Millions of Ancient Chinese Copper Coins Discovered - Gainesville Coins News
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Millions of Ancient Chinese Copper Coins Discovered

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Millions of Ancient Chinese Copper Coins Discovered
Source: Yibada Source: Yibada

Most of the time when we hear about a large discovery of long-forgotten coins, they are found in Europe or the Middle East (with their thousands of years of history using coins), or even along the east coast of America (where trade ships frequently sank with riches on board). This time, however, an incredible find of ancient coins was uncovered in China.

Tons of Copper, Literally

Source: ecns.cn Source: ecns.cn

The unbelievable cache of copper coins were located in the ancient imperial tomb of the Marquis of Haihun State. The site is situated in East China in the present-day Jiangxi Province. Beyond the excitement surrounding the intriguing contents of the tomb, the researchers working at the tomb hope their discovery can tell us more about how the aristocracy in Ancient China lived.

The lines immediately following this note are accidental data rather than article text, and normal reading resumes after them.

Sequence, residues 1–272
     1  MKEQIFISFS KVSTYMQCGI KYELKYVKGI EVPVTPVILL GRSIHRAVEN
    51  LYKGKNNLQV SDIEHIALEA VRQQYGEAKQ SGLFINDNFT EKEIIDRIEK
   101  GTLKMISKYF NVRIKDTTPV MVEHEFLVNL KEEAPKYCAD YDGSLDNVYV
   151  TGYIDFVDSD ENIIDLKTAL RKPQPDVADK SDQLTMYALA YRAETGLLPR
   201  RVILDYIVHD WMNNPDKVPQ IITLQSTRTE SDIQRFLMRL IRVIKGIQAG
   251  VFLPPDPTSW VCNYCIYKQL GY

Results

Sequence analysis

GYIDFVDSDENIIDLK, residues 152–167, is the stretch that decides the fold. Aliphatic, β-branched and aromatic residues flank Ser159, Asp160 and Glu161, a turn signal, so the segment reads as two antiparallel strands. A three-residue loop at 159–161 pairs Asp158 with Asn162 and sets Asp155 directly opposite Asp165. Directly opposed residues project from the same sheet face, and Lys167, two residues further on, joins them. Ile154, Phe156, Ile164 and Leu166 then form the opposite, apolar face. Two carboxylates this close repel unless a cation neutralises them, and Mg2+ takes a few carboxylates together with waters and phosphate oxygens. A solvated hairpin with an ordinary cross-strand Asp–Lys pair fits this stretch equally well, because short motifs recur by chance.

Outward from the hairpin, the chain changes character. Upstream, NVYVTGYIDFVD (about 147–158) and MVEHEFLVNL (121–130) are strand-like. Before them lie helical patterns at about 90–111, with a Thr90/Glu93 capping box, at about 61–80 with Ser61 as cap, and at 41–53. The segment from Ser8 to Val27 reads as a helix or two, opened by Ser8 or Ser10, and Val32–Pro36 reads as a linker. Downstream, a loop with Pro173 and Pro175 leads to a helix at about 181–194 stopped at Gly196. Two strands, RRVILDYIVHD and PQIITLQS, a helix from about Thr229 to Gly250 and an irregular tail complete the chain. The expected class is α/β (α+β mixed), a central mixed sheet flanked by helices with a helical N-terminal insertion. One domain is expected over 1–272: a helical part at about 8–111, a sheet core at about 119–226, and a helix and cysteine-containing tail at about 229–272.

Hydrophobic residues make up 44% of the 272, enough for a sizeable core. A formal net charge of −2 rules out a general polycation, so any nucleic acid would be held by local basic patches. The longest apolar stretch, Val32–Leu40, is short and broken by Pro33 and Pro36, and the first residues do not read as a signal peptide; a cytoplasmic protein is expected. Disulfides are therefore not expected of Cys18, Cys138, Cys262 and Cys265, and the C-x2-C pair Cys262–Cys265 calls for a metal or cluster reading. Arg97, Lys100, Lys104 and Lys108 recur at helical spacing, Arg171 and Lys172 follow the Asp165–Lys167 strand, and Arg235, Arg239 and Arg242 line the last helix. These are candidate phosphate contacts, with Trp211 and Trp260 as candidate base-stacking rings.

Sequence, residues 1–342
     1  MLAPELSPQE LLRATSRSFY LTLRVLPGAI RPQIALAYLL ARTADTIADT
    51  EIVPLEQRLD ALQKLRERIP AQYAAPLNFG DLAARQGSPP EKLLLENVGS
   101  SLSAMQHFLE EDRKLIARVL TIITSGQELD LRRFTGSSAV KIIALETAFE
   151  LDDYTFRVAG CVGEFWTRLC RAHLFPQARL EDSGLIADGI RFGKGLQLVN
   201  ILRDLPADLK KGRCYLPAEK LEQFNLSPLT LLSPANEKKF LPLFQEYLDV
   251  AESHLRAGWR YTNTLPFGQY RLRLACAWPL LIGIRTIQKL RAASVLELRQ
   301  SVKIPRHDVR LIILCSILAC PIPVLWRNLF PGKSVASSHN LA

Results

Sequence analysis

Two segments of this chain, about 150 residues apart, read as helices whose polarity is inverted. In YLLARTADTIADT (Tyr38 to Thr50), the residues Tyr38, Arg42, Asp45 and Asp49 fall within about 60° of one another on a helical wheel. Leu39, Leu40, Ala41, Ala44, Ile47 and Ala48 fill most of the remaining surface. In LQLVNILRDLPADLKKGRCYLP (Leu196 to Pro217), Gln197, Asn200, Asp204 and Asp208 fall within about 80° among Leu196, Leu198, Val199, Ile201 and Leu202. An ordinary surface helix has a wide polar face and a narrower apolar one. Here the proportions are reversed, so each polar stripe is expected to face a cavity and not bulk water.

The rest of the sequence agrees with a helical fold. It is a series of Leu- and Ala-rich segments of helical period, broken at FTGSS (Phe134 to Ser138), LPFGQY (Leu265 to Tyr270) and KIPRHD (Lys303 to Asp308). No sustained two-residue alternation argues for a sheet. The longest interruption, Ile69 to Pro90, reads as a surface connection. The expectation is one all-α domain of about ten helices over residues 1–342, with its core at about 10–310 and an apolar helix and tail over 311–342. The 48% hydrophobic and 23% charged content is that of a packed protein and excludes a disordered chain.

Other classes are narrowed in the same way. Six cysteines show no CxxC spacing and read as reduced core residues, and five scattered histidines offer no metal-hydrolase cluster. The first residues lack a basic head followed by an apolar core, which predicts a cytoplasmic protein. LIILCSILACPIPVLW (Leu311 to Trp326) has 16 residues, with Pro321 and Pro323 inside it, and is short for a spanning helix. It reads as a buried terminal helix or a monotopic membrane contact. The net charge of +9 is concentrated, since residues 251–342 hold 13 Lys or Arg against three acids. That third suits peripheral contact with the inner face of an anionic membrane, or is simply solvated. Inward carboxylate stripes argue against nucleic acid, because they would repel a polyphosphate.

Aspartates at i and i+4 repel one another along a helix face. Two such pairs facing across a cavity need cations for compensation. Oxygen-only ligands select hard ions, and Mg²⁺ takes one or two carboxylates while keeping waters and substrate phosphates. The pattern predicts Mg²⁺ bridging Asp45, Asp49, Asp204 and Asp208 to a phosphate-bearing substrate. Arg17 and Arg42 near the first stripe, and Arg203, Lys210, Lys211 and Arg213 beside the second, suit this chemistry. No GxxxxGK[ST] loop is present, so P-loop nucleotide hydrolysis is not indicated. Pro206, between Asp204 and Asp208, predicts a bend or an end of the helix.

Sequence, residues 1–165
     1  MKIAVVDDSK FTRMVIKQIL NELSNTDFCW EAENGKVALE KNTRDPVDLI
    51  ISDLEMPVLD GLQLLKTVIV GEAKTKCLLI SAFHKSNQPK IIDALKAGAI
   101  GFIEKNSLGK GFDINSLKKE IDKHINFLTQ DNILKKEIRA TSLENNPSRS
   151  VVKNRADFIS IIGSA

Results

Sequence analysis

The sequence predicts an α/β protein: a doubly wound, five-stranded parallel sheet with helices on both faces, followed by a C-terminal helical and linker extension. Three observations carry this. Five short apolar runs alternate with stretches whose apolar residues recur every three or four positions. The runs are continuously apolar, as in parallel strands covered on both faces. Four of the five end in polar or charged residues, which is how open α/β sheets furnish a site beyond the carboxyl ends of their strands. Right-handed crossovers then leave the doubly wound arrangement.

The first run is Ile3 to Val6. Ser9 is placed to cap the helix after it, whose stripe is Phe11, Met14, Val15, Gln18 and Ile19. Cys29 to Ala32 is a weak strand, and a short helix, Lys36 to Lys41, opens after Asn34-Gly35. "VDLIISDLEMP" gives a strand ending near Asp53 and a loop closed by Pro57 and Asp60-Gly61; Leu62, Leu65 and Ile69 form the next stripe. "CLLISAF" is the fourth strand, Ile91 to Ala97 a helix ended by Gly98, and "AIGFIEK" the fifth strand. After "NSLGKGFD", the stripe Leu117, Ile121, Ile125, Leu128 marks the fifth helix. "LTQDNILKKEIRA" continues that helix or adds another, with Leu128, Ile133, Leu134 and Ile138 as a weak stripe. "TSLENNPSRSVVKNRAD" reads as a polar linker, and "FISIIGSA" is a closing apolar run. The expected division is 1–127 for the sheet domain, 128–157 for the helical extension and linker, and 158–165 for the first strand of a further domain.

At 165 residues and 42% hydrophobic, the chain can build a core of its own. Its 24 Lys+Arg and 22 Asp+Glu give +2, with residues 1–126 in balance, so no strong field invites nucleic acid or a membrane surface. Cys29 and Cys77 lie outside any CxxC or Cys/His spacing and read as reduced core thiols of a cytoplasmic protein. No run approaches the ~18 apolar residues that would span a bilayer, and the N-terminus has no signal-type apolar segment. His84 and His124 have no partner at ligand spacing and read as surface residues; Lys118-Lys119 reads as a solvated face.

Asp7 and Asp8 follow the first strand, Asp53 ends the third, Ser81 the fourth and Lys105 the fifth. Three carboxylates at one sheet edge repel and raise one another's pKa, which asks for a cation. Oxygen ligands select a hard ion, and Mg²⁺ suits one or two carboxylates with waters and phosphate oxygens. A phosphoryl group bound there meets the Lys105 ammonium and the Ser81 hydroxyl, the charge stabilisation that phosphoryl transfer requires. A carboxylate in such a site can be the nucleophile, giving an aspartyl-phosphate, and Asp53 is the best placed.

In total, there are 2 million of the wuzhu coins They feature square holes in the center of the coins, a distinct feature of Chinese money during this period. (Other areas of China used circular holes. Even further back into antiquity, money was fashioned into the shape of a knife or spade in China, depending on the region.) The coins were attached by strings threaded through the square holes in groups of 1,000 each, as per tradition. (This was likely a royal tradition, given the high number of coins.)

Researchers sift through huge piles of the copper coins. Source: ecns.cn Researchers sift through huge piles of the copper coins. Source: ecns.cn

The 2 million coins collectively weighed 10 metric tonnes, or over 20,000 pounds! Historical experts estimate that their equivalent value at the time (sometime in the 1st or 2nd century BCE, during the Western Han Dynasty) would be 10 million yuan—or over $1.5 million in terms of U.S. dollars. It is no surprise that this hoard was uncovered in a royal tomb.

That doesn't necessarily mean these coins will sell for big money, however. It is the size and age of the hoard that interests anthropologists, archaeologists, and other researchers. It also remains to be seen whether or not the artifacts will be held from any private sales for the purposes of studying them.

About the Author

Everett Millman

Everett Millman

Analyst, Commodities and Finance
Managing Editor

Everett has been the head content writer and market analyst at Gainesville Coins since 2013. He has a background in History and is deeply interested in how gold and silver have historically fit into the financial system.

In addition to blogging, Everett's work has been featured in CoinWeek, Advisor Perspectives, Wealth Management, Activist Post, and has been referenced by the Washington Post.

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